Small autonomous, battery-powered daily drivers—is this the future of urban mobility? Toyota seems to think so, and is even showcasing a handful of production-ready ultra-compact battery-electric vehicles (BEV) at this year’s Tokyo Motor Show ahead of a planned 2020 launch.
“We want to create a mobility solution that can support Japan’s aging society and provide freedom of movement to people at all stages of life,” says Akihiro Yanaka, the Japanese car manufacturer’s head of development.
“With the ultra-compact BEV, we are proud to offer customers a vehicle that not only allows for greater autonomy, but also requires less space, creates less noise, and limits environmental impact.”
Toyota is bringing out three main BEV concepts at this year’s show: the Toyota i-Road, which is sort of an enclosed three-wheeled type of vehicle, the standard ultra-compact BEV, as well as a business version. The latter two feature a 100km range and a max speed of up to 60kph—not much, but just perfect for the average city dweller.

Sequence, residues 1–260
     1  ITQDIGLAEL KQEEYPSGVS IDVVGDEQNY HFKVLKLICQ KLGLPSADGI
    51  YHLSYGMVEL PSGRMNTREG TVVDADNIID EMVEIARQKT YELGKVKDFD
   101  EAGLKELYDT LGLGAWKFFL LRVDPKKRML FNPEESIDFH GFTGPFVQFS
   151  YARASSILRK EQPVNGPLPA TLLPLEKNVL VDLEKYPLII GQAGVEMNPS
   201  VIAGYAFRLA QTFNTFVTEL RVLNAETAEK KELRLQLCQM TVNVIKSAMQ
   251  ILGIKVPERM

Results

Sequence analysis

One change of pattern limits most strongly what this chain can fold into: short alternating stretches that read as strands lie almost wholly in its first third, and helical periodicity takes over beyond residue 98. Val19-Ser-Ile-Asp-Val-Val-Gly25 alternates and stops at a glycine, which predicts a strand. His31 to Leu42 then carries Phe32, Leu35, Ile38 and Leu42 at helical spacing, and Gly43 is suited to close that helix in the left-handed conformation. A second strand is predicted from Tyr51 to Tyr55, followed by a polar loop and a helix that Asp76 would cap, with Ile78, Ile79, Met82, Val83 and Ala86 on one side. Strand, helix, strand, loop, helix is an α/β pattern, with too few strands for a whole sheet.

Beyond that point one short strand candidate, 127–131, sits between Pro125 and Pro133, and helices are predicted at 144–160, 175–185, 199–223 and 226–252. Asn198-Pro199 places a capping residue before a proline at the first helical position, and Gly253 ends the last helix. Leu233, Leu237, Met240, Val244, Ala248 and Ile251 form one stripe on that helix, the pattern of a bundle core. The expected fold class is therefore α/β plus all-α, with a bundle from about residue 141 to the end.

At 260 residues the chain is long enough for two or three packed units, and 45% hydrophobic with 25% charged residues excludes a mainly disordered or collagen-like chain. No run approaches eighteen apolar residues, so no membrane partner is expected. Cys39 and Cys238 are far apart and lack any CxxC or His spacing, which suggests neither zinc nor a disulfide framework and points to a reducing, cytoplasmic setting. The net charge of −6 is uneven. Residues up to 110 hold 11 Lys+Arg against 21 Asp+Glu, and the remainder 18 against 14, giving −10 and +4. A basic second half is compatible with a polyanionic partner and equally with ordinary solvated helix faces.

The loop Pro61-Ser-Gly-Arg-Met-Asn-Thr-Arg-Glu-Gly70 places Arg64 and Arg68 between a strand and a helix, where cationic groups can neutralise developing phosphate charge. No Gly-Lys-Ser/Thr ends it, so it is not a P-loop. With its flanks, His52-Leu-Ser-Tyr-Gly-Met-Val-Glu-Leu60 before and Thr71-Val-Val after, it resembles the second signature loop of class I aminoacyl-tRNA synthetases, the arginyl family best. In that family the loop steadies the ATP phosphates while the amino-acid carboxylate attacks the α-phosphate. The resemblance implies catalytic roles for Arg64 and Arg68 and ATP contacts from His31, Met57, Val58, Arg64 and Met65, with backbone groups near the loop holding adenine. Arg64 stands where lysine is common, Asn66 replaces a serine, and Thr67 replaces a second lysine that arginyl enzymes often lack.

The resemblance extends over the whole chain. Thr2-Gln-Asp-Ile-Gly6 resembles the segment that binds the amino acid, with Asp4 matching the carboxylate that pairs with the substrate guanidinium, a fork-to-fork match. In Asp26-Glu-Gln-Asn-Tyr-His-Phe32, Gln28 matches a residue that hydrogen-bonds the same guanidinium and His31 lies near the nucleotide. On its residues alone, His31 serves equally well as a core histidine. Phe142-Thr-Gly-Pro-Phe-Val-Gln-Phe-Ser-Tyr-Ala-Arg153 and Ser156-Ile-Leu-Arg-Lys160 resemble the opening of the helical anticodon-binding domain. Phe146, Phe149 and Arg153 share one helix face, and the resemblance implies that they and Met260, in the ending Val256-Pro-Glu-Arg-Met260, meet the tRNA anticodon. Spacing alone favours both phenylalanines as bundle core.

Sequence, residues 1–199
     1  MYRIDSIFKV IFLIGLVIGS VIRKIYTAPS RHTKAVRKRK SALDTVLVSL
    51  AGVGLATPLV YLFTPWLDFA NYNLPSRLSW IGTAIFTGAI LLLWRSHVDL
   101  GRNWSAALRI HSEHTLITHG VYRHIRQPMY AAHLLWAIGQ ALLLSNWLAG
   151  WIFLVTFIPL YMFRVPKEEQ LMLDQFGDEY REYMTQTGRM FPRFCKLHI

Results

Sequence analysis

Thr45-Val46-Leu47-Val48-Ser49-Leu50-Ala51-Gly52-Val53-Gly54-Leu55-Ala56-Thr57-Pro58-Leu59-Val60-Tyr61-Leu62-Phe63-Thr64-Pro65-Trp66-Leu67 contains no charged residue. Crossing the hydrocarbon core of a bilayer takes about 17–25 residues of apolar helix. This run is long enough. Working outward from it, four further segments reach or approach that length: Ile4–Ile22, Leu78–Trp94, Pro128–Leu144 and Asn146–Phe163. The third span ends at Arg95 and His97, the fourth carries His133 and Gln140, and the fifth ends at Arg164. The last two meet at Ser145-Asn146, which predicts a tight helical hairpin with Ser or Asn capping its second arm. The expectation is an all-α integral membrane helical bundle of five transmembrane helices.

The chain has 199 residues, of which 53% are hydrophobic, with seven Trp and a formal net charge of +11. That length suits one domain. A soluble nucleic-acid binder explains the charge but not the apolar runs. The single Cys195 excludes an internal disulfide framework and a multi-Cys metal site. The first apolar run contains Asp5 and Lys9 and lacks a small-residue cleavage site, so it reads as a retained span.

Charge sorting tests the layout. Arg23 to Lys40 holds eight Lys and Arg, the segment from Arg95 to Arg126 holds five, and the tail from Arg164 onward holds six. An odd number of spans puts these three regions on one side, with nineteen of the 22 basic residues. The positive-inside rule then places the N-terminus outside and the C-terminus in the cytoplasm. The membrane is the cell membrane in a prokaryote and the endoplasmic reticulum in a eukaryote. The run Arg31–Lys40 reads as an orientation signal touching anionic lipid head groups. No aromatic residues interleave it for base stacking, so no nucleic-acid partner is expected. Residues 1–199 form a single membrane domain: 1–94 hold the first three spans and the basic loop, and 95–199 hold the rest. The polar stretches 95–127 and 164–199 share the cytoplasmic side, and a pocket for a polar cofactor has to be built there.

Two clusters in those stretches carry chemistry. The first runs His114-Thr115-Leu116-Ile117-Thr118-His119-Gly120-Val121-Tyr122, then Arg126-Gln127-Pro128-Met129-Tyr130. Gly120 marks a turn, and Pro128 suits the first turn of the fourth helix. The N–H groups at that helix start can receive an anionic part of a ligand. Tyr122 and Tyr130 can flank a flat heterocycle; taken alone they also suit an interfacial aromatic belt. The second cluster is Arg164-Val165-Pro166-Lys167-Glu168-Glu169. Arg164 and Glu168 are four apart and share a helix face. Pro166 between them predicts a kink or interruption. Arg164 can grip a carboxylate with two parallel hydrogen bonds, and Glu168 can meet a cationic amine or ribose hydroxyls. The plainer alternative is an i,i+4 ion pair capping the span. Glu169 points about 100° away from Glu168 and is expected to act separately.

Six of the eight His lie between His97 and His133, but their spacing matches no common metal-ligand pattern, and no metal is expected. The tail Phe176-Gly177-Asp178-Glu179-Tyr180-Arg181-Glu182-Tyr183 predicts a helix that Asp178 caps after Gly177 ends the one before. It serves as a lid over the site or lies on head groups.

Besides the three main concepts, Toyota is also showcasing some alternative forms of transport in the form of ‘Walking Area BEVs.’ These vehicles are built for shorter distances and should appeal to persons with disabilities or anyone just looking for a quick, practical way to get around.
Toyota says it is already working with more than 100 corporate and government partners to look further into BEVs like the ones you see above. For now, though, the company says it will focus on promoting the tech via leasing initiatives, as well as developing recharging stations. Would you mind if this is how future drivers get around town?